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Monday, June 26, 2006

Thom Hartmann gone this week, his father died Sunday

   By Marion Delgado at 11:24 AM

The story of Carl
by Thom Hartmann

Carl loved books and loved history and, after spending two years in the army as part of the American occupation forces in Japan immediately after World War II, was hoping to graduate from college and teach history, perhaps even at the university level if he could hang on to the GI Bill and his day job in a camera store long enough to get his Ph.D. It was 1950, and he'd been married just a few months, when the surprise came that forced him to drop out of college: his wife was pregnant with their first child.

This was an era when husbands worked, wives tended the home, and being a good father and provider was one of the highest callings to which a man could aspire. Carl dropped out of school, kept his day job from 9 to 5 at the camera shop, and got a second job at a metal fabricating plant, working with molten hot metal from 7 pm to 4 am. For much of his wife's pregnancy and his newborn son's first year, he slept 3 hours a night and caught up on weekends, but in the process earned enough to get them an apartment and to be prepared for the costs of starting a family. Over the next 45 years, he continued to work in the steel and machine industry, in the later years as a bookkeeper/manager for a Michigan tool-and-die company, as three more sons were born.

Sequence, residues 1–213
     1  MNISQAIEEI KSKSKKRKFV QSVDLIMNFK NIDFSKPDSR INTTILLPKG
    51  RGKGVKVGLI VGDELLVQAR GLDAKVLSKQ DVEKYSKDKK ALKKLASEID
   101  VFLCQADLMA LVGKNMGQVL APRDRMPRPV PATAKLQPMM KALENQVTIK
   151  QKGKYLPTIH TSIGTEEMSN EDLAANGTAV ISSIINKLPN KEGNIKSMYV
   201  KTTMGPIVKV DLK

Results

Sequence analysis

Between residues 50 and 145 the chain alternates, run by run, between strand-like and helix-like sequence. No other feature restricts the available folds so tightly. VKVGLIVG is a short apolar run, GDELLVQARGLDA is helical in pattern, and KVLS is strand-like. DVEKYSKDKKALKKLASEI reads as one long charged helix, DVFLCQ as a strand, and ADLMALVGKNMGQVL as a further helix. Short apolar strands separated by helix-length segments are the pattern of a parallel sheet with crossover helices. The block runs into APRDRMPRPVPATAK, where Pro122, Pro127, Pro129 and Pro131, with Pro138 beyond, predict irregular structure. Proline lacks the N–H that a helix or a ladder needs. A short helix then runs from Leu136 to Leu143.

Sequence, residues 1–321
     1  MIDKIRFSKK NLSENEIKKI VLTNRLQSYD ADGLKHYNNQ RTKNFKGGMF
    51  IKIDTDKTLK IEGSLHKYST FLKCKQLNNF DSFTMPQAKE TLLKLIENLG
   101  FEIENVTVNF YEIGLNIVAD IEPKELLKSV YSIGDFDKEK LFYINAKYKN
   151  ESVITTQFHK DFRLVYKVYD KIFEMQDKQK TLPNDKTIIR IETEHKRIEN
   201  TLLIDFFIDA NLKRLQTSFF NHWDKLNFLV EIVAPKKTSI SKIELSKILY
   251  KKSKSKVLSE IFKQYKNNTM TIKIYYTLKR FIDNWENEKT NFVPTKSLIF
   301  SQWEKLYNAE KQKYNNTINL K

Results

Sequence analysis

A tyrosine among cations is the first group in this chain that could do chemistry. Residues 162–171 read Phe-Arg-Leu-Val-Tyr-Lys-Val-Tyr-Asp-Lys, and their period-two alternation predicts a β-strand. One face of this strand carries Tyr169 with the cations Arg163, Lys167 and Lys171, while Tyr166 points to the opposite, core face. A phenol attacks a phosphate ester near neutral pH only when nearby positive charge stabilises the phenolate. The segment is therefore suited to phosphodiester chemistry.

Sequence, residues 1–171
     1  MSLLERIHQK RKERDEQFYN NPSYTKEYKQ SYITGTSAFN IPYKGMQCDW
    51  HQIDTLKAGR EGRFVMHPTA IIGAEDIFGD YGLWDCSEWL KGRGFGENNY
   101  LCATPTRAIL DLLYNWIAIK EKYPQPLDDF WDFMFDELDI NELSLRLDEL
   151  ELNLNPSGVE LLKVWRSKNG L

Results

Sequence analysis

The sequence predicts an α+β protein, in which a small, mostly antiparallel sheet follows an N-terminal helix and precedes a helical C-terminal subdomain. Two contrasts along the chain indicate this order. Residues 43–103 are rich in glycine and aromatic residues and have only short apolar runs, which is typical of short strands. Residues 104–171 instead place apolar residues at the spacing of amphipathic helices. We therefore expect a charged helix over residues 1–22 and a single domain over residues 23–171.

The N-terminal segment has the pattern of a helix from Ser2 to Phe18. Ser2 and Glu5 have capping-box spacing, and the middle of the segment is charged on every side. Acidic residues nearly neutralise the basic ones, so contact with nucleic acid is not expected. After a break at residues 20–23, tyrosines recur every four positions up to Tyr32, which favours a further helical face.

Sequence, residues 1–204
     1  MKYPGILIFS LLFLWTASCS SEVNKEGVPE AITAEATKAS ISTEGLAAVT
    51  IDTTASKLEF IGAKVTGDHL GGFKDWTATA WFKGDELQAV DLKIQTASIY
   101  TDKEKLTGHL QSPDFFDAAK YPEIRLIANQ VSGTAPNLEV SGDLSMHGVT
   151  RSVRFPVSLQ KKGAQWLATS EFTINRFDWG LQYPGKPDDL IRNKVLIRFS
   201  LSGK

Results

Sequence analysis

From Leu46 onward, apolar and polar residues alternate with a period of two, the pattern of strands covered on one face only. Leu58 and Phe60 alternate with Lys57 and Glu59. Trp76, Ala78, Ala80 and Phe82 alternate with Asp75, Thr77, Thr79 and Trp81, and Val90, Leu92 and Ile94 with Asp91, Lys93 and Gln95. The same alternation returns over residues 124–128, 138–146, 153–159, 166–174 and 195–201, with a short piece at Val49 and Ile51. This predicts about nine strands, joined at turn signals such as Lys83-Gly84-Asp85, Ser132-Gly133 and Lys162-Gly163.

Carl knew he was doing the right thing when he took that job in the factory, and did it enthusiastically. He considered himself fortunate to be able to find not just one but two good jobs in an era when the economy was still recovering from the Great Depression and the job market was flooded with returned GIs.

Working with molten metal could be dangerous, but the dangers were apparent, and Carl took every precaution to protect himself so he could return home safe to his family. What he didn't realize, however, was that the asbestos used at the casting operation was an insidious poison. He didn't realize that the asbestos industry had known for decades that the stuff could kill, but would continue to profitably market it for another twenty years, while actively using their financial muscle to keep the general public in the dark and prevent governments from stopping them.

Last month, Carl injured himself tripping on the stairs and ended up in the hospital with a compression fracture of his spine: what he thought was causing the terrible pain he'd been experiencing in his abdomen. The doctors, however, discovered that his lungs were filled with a rare form of lung cancer - mesothelioma - that is almost always caused by exposure to asbestos. Last week his doctor told him he had six months to live, and he lives daily with excruciating pain. All because he wanted to do right by his family.

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